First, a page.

A&B Computing1st October 1989
Published in A&B Computing 6.10
Minerva were one of the first companies to produce games - as well as serious software - for the Archimedes, although their early releases did not do the machine full justice. Later releases have been of a higher standard which certainly includes Thundermonk, a game which can loosely be described as an 'arcade adventure'. You have to guide the hero - a monk - around a series of screens collecting and using objects, clearing barriers etc as you go. Each screen consists of a large area of vividly drawn graphics upon which the screen display acts as a window. The scroll as you pan acorss the screens is, I think, the smoothest that I have seen on any game on any computer!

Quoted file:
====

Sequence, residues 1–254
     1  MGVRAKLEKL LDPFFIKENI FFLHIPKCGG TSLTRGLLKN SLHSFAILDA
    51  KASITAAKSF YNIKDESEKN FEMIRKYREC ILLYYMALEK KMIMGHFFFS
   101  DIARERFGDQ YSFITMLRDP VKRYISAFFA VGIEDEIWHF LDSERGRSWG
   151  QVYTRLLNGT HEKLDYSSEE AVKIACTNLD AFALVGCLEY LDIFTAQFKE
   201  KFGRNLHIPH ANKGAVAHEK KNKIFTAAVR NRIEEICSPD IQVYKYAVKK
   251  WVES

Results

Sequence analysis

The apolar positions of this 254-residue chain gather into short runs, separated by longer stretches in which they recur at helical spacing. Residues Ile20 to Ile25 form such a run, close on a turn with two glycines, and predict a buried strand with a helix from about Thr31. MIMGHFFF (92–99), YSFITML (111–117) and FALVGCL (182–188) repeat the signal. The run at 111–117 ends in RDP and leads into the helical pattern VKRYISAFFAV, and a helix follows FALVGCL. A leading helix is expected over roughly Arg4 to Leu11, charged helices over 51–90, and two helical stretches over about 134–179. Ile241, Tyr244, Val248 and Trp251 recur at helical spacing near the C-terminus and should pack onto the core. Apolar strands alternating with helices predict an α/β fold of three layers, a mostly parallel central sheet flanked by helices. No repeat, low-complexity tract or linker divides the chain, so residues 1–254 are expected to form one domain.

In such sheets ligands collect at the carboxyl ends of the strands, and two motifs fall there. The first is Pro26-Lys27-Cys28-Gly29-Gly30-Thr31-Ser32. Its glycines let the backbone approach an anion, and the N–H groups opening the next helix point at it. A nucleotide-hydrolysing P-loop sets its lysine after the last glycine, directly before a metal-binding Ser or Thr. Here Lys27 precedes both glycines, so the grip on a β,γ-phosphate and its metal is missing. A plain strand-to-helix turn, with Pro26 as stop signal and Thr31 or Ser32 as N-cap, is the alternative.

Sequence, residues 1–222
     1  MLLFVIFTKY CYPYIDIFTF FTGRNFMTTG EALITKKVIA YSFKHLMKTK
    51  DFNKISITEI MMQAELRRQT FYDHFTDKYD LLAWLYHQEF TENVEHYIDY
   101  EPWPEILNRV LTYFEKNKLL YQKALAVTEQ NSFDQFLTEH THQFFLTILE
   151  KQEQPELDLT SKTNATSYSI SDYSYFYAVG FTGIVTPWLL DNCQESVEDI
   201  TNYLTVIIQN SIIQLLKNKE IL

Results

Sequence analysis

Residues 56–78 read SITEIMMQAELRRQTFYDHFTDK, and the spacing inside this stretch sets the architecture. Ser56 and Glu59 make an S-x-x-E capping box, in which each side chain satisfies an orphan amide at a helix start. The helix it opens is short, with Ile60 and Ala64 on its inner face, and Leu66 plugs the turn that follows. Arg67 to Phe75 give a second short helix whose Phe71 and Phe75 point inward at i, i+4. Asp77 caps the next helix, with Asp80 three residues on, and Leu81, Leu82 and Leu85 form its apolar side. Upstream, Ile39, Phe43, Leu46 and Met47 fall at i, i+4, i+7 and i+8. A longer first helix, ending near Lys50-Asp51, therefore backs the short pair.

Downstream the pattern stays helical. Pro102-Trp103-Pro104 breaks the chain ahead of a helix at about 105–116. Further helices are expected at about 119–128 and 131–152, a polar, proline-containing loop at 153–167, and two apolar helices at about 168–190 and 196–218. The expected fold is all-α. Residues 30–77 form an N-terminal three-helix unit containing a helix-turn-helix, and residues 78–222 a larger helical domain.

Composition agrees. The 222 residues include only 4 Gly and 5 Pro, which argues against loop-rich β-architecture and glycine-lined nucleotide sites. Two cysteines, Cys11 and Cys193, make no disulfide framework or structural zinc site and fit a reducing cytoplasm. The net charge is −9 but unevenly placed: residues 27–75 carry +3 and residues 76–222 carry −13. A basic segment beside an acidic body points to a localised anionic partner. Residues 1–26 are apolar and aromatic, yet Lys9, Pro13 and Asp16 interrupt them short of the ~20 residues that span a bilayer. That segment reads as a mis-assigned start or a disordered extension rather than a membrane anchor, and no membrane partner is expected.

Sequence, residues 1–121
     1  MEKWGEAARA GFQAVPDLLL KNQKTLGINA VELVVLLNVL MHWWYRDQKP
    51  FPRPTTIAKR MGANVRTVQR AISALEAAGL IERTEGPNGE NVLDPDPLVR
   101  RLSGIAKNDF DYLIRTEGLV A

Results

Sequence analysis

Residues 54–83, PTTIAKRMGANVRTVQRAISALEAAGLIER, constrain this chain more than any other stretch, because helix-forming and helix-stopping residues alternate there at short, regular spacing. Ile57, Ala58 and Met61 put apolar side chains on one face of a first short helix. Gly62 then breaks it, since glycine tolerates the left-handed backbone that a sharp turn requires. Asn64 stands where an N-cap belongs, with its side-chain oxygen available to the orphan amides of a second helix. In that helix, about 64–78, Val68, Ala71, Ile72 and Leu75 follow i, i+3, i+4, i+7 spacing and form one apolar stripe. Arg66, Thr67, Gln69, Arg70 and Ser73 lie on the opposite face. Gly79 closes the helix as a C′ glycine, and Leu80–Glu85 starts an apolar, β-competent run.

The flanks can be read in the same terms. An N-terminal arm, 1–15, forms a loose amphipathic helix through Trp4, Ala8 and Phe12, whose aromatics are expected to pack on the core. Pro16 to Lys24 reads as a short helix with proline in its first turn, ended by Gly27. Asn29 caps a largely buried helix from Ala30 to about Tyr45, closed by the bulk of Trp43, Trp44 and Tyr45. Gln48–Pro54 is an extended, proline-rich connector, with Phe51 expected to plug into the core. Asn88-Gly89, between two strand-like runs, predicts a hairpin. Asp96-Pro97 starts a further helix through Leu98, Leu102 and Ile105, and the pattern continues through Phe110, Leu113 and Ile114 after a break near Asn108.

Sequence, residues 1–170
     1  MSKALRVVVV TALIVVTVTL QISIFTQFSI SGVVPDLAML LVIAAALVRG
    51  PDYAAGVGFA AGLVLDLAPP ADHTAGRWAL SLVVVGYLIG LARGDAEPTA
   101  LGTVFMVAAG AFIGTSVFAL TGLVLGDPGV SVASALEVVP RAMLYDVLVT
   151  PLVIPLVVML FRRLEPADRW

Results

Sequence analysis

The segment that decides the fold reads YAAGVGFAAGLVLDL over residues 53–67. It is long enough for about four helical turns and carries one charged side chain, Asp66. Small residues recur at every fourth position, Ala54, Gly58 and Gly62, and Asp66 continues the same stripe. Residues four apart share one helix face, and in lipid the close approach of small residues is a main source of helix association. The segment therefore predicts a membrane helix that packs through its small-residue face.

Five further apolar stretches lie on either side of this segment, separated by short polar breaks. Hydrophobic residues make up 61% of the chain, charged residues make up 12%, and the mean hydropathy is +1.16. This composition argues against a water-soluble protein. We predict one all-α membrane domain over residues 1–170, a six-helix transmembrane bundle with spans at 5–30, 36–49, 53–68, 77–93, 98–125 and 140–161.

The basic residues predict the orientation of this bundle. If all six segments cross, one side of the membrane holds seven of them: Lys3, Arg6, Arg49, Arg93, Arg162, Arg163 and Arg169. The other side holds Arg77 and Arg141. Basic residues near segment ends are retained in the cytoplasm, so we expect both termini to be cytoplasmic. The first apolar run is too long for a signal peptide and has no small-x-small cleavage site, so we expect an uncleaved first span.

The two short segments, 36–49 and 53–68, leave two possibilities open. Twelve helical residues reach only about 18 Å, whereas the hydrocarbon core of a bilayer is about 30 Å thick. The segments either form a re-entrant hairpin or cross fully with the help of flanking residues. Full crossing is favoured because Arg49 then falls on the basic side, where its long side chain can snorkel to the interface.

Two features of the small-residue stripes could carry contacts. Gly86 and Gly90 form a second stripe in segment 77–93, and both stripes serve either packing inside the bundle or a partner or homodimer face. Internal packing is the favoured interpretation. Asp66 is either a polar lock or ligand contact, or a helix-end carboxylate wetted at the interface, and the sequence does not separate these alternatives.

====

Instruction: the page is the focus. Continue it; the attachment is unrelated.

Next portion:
Unlike Minerva's fast and furious Orion - a game for computer athletes - Thundermonk is for players of all ages. Clearing screens is achieved by patient working out of solutions and memory of geographical layout and requires no fast reactions, clever jumps and so on. You can shoot objects, with an unlimited supply of ammunition, and must do so to clear obstacles. When you clear a screen you are given a password to allow direct entry to the next level. Curiously enough, these passwords change from time to time - dependent on the date presumably - so that you may have to replay a lower level to update it.
I don't know how large the game is. No-one in my family has succeeded in getting beyond level 3 yet despite many hours of dedicated play. I can vouch for the fact levels 2 and 3 are very large and complex. The graphics are excellent with a whole host of beautifully drawn sprites representing a large array of objects. The main disappointment is the sound. There is occasional digitised speech and infuriating bleating noise when you encounter a sheep, but no music. However, the game is highly playable and strongly recommended if you like this kind of thing.